The Tax Court ruled that the taxpayer recognized disguised sale gain under section 707 when its subsidiary contributed its appreciated business assets to a partnership that it entered into with another corporation. The other partner also contributed assets and effectively assumed all of the liability for the partnership’s borrowing that funded a large special distribution to the taxpayer. The gist of the taxpayer’s plan was to nominally assume enough of the partnership’s liabilities so that its basis in its partnership interest would prevent taxation of the cash distribution. The gist of the court’s opinion is that taxpayer did not in substance assume the liability, should not get basis for the assumption, and so received cash that was taxable to the extent of its gain in the business assets.

This ruling on the merits is a fairly straightforward application of an anti-abuse rule that can be applied to disregard assumptions of partnership debt by partners. The more surprising aspect of the decision is upholding the $32 million accuracy-related penalty despite the receipt of an $800,000 PricewaterhouseCoopers (PwC) “should” opinion (or perhaps because of that fee amount). If the grounds for calling the opinion unreliable for purposes of penalty protection were applied generally, they would call into question many practices currently followed by tax professionals.

The Partnership Interest Basis Issue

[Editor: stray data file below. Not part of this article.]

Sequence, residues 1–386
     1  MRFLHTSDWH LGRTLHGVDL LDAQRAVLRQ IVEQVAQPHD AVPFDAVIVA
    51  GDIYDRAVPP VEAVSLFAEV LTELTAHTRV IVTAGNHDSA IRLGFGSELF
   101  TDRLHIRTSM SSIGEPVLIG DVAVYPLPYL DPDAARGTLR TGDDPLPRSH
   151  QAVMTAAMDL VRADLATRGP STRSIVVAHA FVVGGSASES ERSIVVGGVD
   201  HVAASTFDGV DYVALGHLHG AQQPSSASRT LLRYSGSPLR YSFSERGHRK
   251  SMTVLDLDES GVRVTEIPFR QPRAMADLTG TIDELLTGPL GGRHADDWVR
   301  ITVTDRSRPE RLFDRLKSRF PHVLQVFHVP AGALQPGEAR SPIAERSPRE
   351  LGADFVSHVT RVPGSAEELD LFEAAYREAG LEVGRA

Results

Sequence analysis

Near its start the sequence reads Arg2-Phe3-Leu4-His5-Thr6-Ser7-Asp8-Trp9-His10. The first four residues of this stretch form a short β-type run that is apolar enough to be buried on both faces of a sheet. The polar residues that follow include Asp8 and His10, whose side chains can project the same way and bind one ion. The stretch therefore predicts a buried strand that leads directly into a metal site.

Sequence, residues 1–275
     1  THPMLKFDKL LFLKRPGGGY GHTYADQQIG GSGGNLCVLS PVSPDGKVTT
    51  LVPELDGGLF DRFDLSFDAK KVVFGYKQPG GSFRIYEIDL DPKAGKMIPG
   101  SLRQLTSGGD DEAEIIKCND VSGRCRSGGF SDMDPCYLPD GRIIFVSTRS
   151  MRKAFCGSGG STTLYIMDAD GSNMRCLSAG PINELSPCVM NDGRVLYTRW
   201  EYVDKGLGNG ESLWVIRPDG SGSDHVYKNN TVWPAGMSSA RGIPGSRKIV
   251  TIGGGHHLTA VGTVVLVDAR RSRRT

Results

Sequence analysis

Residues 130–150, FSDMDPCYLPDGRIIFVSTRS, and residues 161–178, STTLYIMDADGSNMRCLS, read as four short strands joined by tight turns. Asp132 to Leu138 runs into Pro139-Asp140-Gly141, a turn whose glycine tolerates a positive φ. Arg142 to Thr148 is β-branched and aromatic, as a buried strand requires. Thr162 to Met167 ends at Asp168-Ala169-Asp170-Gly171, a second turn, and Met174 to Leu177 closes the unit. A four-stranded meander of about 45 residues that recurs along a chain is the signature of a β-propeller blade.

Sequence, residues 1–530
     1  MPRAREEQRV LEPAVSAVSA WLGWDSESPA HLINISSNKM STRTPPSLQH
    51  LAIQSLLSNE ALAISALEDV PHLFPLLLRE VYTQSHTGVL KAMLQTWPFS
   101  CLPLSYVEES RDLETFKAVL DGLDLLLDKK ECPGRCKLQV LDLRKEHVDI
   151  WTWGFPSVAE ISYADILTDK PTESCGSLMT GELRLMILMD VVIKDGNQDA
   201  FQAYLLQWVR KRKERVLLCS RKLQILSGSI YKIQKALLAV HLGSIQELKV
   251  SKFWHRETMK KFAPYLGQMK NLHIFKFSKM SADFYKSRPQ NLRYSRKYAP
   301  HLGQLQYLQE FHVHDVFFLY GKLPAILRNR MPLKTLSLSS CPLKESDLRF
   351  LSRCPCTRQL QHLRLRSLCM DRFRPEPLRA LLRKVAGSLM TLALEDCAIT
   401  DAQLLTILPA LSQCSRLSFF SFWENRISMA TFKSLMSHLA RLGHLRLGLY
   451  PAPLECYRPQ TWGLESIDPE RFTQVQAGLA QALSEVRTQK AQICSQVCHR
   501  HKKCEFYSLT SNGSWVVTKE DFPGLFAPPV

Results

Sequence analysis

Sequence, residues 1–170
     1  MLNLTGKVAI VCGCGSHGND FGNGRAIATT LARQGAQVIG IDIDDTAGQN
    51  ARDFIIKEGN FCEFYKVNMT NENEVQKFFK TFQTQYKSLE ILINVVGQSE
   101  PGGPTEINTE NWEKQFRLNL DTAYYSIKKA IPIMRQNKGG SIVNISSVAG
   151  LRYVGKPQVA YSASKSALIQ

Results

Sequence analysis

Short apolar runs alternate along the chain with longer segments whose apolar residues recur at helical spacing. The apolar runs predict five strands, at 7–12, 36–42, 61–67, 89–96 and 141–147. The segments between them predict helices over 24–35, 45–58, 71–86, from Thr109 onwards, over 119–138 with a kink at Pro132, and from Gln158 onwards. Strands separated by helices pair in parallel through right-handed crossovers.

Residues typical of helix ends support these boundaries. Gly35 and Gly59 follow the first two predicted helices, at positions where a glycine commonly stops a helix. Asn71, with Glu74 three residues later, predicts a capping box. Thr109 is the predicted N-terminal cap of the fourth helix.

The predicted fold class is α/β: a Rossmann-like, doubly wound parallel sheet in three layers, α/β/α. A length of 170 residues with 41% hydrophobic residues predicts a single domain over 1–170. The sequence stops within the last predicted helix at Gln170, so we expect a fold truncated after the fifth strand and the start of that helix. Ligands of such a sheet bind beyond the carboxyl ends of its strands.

Reg. Sec. 1.752-2(b)(6) provides that a partner’s obligation to make a payment may be disregarded if (1) the facts and circumstances indicate that a principal purpose of the arrangement between the parties is to eliminate the partner’s risk of loss or to create a facade of the partner’s bearing the economic risk of loss with respect to the obligation, or (2) the facts and circumstances of the transaction evidence a plan to circumvent or avoid the obligation. The facts of the case revealed substantial planning around the taxpayer’s desire to cash out of its business investment, PwC’s advice to use a leveraged partnership to achieve that result on a tax deferred basis and the other partner’s intention to bear the cost of the cash payment to the taxpayer.

The partnership terminated two years after it was formed, at which time the taxpayer reported the same taxable gain the court required it to include in the earlier year under audit. Therefore, the crux of the case was the interest and penalty. In addition, the other partner had to pay the taxpayer $196 million for the lost tax benefit due to the early termination caused by the other partner.

The fundamental problem with the taxpayer partner’s effort to get credit for part of the partnership debt through an indemnity agreement was that it had no net worth apart from the partnership interest and a note from its parent. The court did not give any weight to the note because (1) it was only 21 percent of the maximum indemnity amount, and (2) the partner’s ownership of the note was at the mercy of the parent, which had the legal right to cause the partner to distribute the note at any time (which it did when the partnership terminated).

The “Should” Opinion

The taxpayer argued it should not be subject to a $36 million accuracy-related penalty because it acted in good faith in relying on an opinion from PwC and had reasonable cause for its tax position. The court disagreed because of what it viewed as unreasonable assumptions and PwC’s conflict of interest as a planner of the transaction, among other reasons.

The court’s opinion states that PwC gave a “should” opinion and that this is the highest level of opinion PwC gives (which does not seem likely, but the court’s opinion recites it several times). At least according to this court, the following factors made the opinion unreliable for penalty purposes:

  • PwC charged a flat rate of $800,000, which had no relation to time spent writing the opinion.